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ONALASKA — Lindsay and Chris Hodge have always been interested in educating people. The wife and husband duo used to teach classes through Centralia College’s Continuing Education program — everything from gardening to how to raise rabbits and chickens and how to butcher them.

“We’ve always been an education provider,” Lindsay said.

They currently own and live on a farm, Haven Homestead, but it’s never been a production farm. Chris used to create handcrafted wood products and the Hodges’ at one time had an Airbnb on their property, but as life changed over the years their small business also evolved.

It has transformed from handicrafts and education classes to Lindsay’s brand-new homeschool coaching business, Haven Homestead Schooling, where she plans to teach and help parents transition into homeschooling.

The Hodges also have a podcast, accessible from their website at havenhomestead.com, where they teach and talk about topics including homesteading, self-sufficient living, prepping, survival, gardening, raising animals and homeschooling.

Lindsay has homeschooled her three children for the past four years. Her daughter did attend kindergarten for one year and while it was a pleasant experience, it wasn’t the best, Lindsay said. There were a few areas where she felt she could do better teaching at home.

Plus, it’s been a priority for the Hodges to have Lindsay either work part time from home or just be at home raising the kids. Her kids come No. 1 and everything else, such as when she wrote and sold children’s books on Amazon, is a creative outlet to earn money on the side.

“We feel morally and ethically that that’s where I need to be and where I am most effective,” Lindsay said. “All our business things are built around that.”

Another reason was that the Hodges didn’t qualify for free preschool, so after they homeschooled their children through preschool, they realized it was a rewarding experience and decided it was a natural transition to move into homeschooling for all three kids.

“I’ve learned a lot in the last four years,” Lindsay said. “I think I can share my knowledge and experience and I think I’m a really good motivator. I can help coach parents, find the curriculums, methodologies and practices that will fit their families and help them to be successful.”

Lindsay came up with the idea of starting her own homeschool coaching business recently due to everything going on with the COVID-19 pandemic. Many Lewis County schools are still deciding on what this upcoming school year will look like, and how much distance and online learning will be a part of that. It’s looking like most, if not all, will be using distance learning in some capacity at least during the start of the school year this fall.

It’s hard to tell for sure exactly how many children are currently homeschooled in the U.S. In 2012, there were approximately 1.8 million children being homeschooled in the U.S., an increase from 850,000 in 1999, according to the U.S. Department of Education. And that number is likely much higher now.

Lindsay figured she could help those families who are deciding to go with homeschooling rather than having their children participate in distance learning. And for those parents who do choose to stay with a school district’s distance learning this fall, there are some homeschooling practices that can be helpful to learn, as well.

It can be daunting for first-time homeschooling parents, who may be discouraged by navigating state regulations and figuring out expectations. Lindsay can help smooth that process out for those looking for a change from traditional schooling, she said.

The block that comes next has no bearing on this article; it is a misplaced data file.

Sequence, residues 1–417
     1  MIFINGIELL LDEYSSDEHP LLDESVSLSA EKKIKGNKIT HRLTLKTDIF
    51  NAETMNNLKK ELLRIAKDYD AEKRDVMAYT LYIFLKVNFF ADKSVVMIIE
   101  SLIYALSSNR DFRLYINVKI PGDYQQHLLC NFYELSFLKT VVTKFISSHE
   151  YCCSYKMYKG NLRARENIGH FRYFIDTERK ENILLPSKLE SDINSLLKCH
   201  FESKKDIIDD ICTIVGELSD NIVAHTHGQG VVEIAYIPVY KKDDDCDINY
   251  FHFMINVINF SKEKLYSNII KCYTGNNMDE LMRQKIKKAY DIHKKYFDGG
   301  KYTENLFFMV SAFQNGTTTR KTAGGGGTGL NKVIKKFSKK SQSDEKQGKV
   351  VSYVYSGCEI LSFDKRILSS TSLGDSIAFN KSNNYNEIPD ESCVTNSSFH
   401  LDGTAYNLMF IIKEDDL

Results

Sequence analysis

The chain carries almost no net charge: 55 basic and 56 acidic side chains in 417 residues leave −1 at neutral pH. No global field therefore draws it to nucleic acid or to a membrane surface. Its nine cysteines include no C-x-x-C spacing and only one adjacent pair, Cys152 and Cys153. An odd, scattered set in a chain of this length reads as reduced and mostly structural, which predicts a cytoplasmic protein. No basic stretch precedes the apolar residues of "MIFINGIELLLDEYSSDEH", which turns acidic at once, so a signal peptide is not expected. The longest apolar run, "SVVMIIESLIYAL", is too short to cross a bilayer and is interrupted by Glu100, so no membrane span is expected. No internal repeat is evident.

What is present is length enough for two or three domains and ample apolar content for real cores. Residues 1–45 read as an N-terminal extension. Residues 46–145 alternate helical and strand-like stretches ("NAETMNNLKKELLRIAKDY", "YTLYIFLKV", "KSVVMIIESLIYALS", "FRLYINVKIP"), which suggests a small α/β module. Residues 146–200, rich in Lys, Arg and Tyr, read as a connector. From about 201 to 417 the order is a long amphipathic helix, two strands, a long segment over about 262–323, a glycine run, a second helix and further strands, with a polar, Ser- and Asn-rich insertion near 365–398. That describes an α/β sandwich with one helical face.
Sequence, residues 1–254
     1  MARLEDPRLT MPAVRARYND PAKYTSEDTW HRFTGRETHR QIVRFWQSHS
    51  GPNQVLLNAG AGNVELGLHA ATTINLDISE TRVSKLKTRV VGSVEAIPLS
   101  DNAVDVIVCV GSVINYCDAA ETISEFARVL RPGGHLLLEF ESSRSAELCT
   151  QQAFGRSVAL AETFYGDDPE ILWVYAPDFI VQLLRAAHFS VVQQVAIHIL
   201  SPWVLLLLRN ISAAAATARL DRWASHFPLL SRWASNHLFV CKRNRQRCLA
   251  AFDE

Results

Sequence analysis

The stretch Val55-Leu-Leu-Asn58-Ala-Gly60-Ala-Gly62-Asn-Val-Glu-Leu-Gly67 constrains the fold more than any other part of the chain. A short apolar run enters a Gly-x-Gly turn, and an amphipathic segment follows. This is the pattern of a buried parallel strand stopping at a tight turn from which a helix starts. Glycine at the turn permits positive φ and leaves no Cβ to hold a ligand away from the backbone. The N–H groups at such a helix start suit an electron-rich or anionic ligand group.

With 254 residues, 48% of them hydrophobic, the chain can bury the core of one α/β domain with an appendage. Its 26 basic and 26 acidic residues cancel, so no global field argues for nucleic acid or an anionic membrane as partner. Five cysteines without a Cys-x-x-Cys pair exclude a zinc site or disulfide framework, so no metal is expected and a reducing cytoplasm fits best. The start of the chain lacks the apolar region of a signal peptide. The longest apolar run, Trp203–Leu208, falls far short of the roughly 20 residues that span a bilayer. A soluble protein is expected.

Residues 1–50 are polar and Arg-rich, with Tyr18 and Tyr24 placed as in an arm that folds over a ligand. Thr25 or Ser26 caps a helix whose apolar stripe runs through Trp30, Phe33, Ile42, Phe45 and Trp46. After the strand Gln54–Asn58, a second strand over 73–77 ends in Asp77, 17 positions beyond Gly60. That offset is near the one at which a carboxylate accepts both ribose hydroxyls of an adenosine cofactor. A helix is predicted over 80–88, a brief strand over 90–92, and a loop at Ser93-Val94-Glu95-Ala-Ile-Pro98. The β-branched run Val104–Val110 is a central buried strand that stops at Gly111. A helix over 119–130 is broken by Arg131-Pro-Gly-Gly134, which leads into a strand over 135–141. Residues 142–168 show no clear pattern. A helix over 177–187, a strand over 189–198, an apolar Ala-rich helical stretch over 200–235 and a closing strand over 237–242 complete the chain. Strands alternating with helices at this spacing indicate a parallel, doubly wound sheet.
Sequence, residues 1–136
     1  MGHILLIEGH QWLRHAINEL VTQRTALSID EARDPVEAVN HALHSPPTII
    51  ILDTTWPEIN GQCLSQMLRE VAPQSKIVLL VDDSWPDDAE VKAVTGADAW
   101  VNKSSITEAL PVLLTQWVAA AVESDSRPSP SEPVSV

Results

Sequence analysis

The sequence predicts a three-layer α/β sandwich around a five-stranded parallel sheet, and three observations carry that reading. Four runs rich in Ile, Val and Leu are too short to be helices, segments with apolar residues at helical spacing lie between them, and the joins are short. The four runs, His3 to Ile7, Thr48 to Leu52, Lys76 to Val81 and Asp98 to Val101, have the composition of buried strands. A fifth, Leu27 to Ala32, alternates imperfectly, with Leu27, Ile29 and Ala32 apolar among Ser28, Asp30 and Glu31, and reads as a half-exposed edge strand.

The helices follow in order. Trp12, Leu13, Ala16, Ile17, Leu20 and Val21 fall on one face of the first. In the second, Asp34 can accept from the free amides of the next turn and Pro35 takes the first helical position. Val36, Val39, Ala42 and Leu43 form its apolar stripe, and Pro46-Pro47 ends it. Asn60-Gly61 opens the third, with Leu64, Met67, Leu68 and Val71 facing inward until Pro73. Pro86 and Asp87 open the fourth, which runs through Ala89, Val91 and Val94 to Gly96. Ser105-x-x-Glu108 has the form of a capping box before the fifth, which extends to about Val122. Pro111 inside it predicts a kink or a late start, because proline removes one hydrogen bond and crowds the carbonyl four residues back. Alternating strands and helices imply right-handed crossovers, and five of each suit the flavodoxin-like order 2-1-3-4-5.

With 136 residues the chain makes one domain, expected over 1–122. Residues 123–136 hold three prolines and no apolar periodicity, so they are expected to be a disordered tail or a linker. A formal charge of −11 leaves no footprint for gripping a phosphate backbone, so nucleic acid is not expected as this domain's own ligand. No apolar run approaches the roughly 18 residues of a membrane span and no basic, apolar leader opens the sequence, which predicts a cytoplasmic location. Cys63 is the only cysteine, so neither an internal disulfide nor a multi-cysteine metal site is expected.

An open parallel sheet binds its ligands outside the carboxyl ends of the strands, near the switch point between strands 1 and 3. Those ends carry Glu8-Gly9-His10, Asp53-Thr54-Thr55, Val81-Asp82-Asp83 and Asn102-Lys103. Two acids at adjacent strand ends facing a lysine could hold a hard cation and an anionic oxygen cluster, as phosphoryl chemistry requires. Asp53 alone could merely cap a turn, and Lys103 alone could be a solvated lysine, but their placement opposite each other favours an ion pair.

“Everyone wants to know, ‘What should my kids be learning? Where should we be at at the end of the school year? And how do I know I’m doing a good job?,’” Lindsay said. “There is so much to sort and sift through and sometimes we just need a coach or mentor saying you’re doing a good job. If I can help instill a little confidence in them to make the decisions that are right for them and their children, then they will be just fine.”

The point of education, Lindsay said, is to better a person’s quality of life and improve the quality of life for their children. The goal for homeschooling is the same, she said, and her job of mentoring and coaching parents is a much-needed role being filled.

Registration for her classes opened up on July 31, she currently has two clients and is looking for one more for the fall. She is also planning to help parents who can’t participate in the coaching but want a little support by offering a weekly, hour-long morning time Zoom meeting every Monday, so they can see what morning time looks like in a homeschool environment and so their kids can receive some contact with other children through Zoom. The last 10 minutes of each session will be for parents to ask questions.

Lindsay is also planning a monthly in-person meetup at the Hodge’s Haven Homestead. The full schedule of events will be listed on their website in the near future.

She’s having a homeschool Q&A Zoom session at 7 p.m. on Aug. 20 for prospective homeschool parents to learn the ins and outs of homeschooling, ask questions and, hopefully, Lindsay said, to be inspired to take the leap. The first weekly Zoom meeting is set for 10:30 a.m. on Aug. 24.

Anyone interested in being coached can contact Lindsay by phone at 360-978-5668, or by email at havenhomestead2009@gmail.com. More information can also be found on her website at www.havenhomestead.com.

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Reporter Eric Trent can be reached at etrent@chronline.com. Visit chronline.com/business for more coverage of local businesses.

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